Oroonoko Review

Author: Aphra Behn. 

Publisher: Penguin Classics.

Published: 2016/ 1688.

Rating: 7/10.


Part of Penguin’s Little Black Classics collection, Oroonoko (2016) is a reissue of Aphra Behn’s 17th century work. Inspired by her visit to Surinam, the short novel chronicles the life of Prince Oroonoko, from being royalty in West Africa to his enslavement and transportation to Surinam in South America. 

The first part of the novel follows Oroonoko’s struggle to be with his lover Imoinda, who the King, Oroonoko’s grandfather, has chosen to be part of his harem. The second half involves Oroonoko’s life as a slave in Surinam having been captured by the English. 

The short novel provides an interesting glimpse at 17th century colonialism in both West Africa and South America from slavery to the abuse native populations. It also discusses the intricacies of African monarchies and the societies ruled by Kings. This perspective was quite refreshing as the pre-colonial period of African history is rarely discussed in Western literature.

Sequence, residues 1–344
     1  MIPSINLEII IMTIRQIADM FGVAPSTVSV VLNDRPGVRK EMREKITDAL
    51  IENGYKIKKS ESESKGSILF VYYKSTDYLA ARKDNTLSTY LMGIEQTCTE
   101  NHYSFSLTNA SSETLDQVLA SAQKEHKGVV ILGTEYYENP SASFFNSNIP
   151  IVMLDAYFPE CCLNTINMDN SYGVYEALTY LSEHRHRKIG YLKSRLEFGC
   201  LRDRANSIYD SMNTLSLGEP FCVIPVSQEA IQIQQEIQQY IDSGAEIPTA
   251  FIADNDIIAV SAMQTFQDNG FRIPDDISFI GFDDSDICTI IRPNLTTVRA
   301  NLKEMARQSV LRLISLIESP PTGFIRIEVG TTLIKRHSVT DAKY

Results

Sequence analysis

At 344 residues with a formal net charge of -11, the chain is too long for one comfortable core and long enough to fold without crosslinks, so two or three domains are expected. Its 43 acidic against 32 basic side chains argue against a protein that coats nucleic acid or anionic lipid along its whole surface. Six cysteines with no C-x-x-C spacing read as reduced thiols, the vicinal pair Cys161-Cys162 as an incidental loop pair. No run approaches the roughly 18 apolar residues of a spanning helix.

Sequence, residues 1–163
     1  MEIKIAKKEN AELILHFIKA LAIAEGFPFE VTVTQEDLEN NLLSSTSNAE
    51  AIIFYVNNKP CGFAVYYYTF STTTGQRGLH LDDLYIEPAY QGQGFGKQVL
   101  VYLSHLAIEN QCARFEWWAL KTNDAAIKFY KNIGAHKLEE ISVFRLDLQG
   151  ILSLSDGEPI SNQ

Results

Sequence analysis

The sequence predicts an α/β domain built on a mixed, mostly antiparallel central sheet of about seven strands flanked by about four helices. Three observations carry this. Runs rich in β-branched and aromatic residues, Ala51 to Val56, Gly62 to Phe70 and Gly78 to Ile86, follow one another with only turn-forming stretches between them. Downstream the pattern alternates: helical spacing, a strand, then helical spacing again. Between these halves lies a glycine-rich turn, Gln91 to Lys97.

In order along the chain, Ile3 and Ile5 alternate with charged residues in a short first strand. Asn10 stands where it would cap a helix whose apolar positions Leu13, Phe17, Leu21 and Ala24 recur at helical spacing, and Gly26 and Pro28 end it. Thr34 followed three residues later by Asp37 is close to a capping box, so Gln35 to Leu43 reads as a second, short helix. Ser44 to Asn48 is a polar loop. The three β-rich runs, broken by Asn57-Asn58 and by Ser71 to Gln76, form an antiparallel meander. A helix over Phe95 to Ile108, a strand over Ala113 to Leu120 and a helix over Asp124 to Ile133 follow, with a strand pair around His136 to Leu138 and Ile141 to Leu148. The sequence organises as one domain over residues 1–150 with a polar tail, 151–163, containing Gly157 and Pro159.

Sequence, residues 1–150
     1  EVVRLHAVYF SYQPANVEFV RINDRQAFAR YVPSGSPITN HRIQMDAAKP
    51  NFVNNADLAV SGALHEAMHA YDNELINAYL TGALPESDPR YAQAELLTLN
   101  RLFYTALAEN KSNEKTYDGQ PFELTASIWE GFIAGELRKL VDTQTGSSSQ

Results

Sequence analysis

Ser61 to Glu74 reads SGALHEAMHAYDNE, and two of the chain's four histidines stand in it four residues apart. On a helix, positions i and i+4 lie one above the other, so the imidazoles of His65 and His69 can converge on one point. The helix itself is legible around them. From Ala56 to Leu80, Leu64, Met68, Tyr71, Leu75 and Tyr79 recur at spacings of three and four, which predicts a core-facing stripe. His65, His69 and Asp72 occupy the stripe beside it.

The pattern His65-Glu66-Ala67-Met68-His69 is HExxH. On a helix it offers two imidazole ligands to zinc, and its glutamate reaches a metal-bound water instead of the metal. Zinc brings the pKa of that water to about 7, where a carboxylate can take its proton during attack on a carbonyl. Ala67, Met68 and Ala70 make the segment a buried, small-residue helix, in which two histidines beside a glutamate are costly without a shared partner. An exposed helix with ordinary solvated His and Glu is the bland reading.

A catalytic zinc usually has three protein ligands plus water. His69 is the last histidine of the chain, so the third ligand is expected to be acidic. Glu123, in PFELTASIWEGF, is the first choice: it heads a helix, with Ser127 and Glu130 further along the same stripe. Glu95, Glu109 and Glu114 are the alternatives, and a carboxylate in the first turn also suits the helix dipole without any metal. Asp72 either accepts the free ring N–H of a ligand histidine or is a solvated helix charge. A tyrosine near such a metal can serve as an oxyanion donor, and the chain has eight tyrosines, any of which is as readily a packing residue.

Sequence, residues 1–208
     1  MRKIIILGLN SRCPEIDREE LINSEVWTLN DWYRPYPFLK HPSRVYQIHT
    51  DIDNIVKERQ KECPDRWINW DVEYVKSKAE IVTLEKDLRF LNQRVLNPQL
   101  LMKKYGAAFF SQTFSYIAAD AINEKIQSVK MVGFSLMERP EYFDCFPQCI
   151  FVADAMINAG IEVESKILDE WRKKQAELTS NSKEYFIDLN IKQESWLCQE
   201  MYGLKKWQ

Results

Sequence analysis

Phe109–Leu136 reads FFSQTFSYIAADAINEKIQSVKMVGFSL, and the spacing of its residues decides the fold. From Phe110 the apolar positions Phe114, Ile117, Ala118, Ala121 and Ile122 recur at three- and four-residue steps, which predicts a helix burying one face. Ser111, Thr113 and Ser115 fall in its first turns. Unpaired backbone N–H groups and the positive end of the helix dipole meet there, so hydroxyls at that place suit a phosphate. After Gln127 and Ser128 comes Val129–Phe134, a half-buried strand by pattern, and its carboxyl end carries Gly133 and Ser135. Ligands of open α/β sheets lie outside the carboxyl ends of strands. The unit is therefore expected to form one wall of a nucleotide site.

Aphra Behn showed a lot of respect for African and South American cultures in this novel. Although there are racialised descriptions of the peoples she discusses, there is a kindness and an admiration with how she talks about them. At the time of writing, racial hierarchies were being used to justify colonisation, brutality, and slavery by European Empires. For the most part, that mindset is absent from Behn’s writing. She is first and foremost concerned with the characters, their personal affairs, and struggles. She is goes as far as to depict the brutality of slavery, and the colonisers behind the atrocities. 

Overall, Behn’s work casts a different look at historical colonialism, almost looking from the inside-out. It is a view that is important, and of which is not often taken by Western writers. 

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